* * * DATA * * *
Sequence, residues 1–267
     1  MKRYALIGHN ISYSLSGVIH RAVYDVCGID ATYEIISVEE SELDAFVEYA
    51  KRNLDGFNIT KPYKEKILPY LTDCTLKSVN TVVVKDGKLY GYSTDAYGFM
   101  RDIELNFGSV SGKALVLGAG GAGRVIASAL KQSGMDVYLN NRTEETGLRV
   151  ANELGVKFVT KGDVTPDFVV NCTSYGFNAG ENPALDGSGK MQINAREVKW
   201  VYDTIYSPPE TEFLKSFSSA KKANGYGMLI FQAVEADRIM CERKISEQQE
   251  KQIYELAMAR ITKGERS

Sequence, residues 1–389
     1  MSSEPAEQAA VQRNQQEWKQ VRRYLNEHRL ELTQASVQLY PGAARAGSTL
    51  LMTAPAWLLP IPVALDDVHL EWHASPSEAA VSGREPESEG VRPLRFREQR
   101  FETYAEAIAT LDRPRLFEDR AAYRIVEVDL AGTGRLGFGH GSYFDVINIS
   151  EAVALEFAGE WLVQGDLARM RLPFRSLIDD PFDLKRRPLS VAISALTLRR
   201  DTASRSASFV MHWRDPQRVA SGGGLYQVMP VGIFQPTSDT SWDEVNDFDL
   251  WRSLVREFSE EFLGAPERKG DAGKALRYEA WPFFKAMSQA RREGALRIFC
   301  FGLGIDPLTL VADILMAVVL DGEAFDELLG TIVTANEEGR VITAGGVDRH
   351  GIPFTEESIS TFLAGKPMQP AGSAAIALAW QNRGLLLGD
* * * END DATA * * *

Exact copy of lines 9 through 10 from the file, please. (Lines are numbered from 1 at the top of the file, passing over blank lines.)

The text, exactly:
     1  MSSEPAEQAA VQRNQQEWKQ VRRYLNEHRL ELTQASVQLY PGAARAGSTL
    51  LMTAPAWLLP IPVALDDVHL EWHASPSEAA VSGREPESEG VRPLRFREQR